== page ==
WASHINGTON (Reuters) - U.S. lawmakers worried about growing imports from China should approve a free trade deal with South Korea, rather than try to slap duties on Chinese goods, a top Bush administration official said on Tuesday.
“The Korean free trade agreement is probably the biggest thing we could do to really give Chinese imports competition and to diversify our business in Asia,” U.S. Commerce Secretary Carlos Gutierrez said in an interview with Reuters reporters.
The Bush administration faces an uphill battle to win approval of the free trade agreement with South Korea and two other trade pacts with Colombia and Panama before leaving office in January 2009.
Many Democrats and Republicans from U.S. auto-producing states complain the Korean agreement fails to effectively dismantle South Korean import barriers but will open the U.S. market to many more South Korean cars.
Farm-state lawmakers are also angry Seoul hasn’t fully reopened its market to U.S. beef.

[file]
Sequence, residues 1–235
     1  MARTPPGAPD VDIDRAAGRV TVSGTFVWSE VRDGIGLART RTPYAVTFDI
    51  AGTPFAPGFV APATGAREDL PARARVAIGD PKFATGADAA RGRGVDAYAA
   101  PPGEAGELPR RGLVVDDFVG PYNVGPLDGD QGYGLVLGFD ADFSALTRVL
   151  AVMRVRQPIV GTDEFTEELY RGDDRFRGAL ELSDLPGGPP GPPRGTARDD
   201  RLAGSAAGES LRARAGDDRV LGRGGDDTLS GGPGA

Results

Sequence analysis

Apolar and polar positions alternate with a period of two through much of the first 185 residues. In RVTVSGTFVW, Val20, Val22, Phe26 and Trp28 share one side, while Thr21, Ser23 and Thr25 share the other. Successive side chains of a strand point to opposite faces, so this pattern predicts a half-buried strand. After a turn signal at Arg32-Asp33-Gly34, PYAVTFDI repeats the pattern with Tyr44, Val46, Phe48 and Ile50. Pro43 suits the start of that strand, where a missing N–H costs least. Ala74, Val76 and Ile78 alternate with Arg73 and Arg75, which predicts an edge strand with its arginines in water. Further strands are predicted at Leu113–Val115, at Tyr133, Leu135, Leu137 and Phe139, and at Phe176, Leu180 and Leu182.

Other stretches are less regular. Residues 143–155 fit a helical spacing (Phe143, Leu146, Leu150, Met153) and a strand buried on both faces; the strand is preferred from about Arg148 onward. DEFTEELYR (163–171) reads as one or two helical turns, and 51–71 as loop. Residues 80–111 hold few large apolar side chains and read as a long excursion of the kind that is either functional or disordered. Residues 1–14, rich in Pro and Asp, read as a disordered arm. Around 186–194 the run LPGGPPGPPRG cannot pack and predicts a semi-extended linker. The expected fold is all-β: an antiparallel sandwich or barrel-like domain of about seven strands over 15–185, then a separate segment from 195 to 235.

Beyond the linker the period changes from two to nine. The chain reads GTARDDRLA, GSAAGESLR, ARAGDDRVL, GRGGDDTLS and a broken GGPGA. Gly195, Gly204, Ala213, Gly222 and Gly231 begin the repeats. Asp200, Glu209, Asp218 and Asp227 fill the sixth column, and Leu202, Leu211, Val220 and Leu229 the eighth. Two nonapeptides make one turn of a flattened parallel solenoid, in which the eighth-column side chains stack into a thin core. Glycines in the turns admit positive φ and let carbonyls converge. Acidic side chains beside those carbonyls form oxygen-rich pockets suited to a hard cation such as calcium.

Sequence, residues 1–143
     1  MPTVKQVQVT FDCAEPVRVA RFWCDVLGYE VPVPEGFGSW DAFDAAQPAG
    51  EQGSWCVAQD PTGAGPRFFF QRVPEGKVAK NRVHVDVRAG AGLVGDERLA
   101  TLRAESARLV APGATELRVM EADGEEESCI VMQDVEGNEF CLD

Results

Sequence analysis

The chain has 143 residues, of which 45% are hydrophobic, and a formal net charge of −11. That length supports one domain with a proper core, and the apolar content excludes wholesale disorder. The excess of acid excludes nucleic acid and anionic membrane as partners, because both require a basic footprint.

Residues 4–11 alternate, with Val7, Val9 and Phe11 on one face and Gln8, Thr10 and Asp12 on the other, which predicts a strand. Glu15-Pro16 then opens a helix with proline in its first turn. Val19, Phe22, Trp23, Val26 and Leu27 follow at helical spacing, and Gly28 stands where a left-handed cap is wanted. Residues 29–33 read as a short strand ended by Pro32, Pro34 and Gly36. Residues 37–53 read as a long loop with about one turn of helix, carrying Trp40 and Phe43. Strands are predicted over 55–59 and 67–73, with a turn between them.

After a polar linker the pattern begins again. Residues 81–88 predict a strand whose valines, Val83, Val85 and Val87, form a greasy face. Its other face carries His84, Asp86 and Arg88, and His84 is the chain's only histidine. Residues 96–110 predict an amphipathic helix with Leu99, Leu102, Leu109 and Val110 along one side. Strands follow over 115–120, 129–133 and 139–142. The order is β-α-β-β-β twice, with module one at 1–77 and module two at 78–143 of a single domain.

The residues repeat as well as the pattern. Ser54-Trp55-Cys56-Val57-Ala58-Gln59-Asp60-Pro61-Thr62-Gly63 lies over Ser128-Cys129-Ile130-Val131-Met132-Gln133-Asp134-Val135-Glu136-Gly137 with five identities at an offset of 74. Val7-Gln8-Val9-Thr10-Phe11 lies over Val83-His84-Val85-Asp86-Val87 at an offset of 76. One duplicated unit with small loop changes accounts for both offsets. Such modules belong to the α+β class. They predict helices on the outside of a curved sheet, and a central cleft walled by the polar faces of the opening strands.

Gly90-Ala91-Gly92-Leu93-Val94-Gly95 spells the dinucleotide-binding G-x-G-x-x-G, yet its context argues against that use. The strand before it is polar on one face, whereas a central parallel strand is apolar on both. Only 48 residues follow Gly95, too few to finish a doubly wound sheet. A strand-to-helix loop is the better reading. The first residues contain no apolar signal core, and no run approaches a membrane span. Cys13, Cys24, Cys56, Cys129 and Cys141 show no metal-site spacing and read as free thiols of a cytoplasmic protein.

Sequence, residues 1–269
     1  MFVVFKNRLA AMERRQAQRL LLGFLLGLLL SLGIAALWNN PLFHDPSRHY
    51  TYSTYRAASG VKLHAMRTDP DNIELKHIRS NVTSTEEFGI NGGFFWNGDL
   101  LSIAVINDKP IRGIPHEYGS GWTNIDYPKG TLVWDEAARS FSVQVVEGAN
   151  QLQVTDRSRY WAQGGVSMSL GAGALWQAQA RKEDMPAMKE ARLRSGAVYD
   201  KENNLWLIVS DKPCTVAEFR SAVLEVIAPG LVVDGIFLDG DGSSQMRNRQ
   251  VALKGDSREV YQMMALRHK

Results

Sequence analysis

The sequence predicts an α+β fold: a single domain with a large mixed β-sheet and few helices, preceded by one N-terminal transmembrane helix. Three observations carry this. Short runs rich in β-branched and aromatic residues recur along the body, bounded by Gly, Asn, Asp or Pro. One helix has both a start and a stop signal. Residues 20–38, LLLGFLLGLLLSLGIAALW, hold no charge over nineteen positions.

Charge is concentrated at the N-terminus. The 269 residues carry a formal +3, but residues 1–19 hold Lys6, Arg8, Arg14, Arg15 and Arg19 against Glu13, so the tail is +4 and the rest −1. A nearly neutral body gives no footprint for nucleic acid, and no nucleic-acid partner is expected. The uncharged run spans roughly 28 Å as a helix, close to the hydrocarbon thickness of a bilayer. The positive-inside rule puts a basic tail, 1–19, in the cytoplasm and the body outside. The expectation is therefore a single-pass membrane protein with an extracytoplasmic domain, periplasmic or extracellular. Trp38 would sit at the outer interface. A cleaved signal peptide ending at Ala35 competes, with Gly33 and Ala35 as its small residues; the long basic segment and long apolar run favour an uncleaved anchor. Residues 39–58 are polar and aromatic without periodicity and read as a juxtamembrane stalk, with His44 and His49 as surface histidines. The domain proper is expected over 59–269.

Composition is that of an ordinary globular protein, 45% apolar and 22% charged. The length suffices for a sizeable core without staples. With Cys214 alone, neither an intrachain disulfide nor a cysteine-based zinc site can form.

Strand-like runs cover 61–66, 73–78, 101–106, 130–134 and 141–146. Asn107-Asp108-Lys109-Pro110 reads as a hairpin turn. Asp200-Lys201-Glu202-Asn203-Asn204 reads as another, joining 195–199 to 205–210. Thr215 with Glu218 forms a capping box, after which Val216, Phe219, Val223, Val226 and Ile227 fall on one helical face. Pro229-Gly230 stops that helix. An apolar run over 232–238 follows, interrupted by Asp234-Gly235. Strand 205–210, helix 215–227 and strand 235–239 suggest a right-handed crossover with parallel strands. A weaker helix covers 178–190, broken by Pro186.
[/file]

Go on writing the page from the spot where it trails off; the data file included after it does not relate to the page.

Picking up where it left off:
Meanwhile, many lawmakers favor legislation to curb imports from China, which grew nearly 12 percent last year to a record $321.5 billion. China surged past Canada last year to become the United States’ top supplier of foreign goods.
One popular bill would broaden the Commerce Department’s authority to impose duties on Chinese goods by allowing it to take currency values into consideration.
Many U.S. lawmakers believe China’s tightly controlled currency is undervalued by as much as 40 percent and gives Chinese companies a big trade price advantage.
“We don’t think that legislation is the way to manage a trade relationship,” Gutierrez said. When Congress passes “protectionist legislation, we need to know there’s always a retaliation. ... It just doesn’t benefit anyone.”
Approving the Korea free trade agreement would be a positive way of dealing with Chinese imports because it would cut U.S. tariffs on South Korean goods, helping South Korea compete with China and grab a bigger share of the U.S. market for imported goods, Gutierrez said.
Approval of the South Korean, Colombian and Panamanian trade deals also would help keep the U.S. economy growing by expanding exports, Gutierrez said.
While Congress delays action on the three free trade pacts other countries are busily negotiating deals that could leave the United States lagging behind, he said.
“The world is moving ahead very rapidly and we’re standing still,” Gutierrez said.
Editing by Todd Eastham
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